Automatically building Pentaho metadata
November 4, 2009
Every so often I’ll hear of someone asking for a way to allow their users to write queries against their database without having to teach everyone SQL. There are various applications to do this: BusinessObjects and Cognos, are two common commercial examples, among many others. Pentaho and JasperReports provide similar capabilities in the open-source world. These tools allow users to write reports by selecting fields from a user-friendly list, adding suitable constraints, and making other formatting and filtering choices, all without needing to understand SQL.
Those familiar with these packages know that in order to provide those nice, readable field names and simple, meaningful field groupings, the software generally needs some sort of metadata file. This file maps actual database fields to readable descriptions, specifies relationships between tables, and translates database field types to data types the reporting software understands. Typically to create such a file, an administrator spends a few hours in front of a vendor-supplied GUI application dragging graphical representations of their tables and columns around, defining joins and entering friendly descriptions.
For the TriSano™ project’s data warehouse, we needed a way to make regular modifications to the metadata file we gave to our Pentaho instance, in order to allow users to write reports that included data from the custom-built forms TriSano allowed them to create. To this end, we dove into the Pentaho APIs and developed a system to modify the metadata file automatically, adding tables and relationships whenever users create a new custom form.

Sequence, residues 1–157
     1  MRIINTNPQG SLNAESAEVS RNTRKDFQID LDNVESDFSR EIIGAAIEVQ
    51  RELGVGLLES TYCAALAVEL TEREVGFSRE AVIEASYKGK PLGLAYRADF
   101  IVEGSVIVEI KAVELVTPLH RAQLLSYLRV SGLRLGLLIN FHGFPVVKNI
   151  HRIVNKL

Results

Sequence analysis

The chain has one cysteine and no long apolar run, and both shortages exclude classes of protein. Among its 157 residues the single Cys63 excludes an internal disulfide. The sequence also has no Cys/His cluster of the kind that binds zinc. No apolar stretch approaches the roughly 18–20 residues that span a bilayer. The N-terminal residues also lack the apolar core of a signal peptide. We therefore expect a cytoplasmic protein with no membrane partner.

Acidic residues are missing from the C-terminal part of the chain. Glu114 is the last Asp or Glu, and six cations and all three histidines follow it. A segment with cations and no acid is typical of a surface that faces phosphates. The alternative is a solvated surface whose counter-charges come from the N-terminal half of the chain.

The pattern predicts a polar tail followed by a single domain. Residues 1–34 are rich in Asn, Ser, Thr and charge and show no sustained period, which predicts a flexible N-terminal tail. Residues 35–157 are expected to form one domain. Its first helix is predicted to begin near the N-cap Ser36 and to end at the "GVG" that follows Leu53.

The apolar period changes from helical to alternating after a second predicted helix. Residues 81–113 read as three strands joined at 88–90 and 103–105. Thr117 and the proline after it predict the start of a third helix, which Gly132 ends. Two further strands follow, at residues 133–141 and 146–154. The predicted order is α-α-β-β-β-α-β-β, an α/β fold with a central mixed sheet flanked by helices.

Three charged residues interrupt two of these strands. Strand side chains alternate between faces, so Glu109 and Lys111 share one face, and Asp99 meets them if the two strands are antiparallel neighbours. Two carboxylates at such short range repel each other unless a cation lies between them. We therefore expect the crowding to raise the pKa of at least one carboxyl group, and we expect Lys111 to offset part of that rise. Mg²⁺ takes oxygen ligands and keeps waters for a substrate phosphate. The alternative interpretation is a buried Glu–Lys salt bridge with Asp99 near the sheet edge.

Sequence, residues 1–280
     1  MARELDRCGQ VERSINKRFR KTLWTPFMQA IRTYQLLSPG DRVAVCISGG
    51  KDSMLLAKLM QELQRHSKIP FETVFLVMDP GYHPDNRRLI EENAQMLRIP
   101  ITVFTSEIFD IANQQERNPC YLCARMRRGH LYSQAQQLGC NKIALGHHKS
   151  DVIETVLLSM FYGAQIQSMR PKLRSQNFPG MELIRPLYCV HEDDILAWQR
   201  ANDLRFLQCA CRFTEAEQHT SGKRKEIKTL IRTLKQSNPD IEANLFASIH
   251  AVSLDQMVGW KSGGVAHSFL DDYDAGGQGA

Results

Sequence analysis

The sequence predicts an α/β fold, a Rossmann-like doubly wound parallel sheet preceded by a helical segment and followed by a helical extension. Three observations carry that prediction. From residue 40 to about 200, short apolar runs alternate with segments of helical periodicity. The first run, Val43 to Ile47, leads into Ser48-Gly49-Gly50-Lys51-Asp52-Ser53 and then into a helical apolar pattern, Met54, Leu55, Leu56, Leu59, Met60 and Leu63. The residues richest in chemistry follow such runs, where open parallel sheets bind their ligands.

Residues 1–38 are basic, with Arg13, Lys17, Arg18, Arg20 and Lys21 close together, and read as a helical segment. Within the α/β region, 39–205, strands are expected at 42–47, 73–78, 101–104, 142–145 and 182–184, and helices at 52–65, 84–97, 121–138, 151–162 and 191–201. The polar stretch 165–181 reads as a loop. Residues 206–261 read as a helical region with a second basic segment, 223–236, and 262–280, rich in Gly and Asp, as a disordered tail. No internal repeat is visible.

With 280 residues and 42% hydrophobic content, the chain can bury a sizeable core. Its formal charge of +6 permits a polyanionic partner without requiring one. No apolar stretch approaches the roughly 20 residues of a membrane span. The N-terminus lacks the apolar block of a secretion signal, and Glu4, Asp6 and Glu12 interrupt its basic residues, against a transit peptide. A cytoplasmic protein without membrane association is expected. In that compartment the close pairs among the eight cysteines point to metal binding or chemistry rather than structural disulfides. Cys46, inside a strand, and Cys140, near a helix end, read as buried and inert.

TriSano is a Ruby-on-Rails application, running on JRuby, and the ability to use Java objects natively within JRuby was critical to interfacing correctly with Pentaho, a Java application. Within JRuby, our script can create Pentaho objects at will. Interested parties are encouraged to browse the source code of the TriSano script for the many details required to make this work.
In short, the script makes a new Pentaho metadata file entirely from scratch, using only information from a small number of purpose-built database tables, and database structure information taken directly from the PostgreSQL catalogs. It creates a schema file, populates it with descriptions of each of the actual database tables our users are interested in, assigns friendly names to each of the database objects with which users will interact, and divides up the results into user-defined groupings meaningful to their business.
I’m not familiar with a commercial reporting package that allows for modification of the underlying metadata without user intervention; doing something like this without the benefit of open-source software would have been daunting indeed.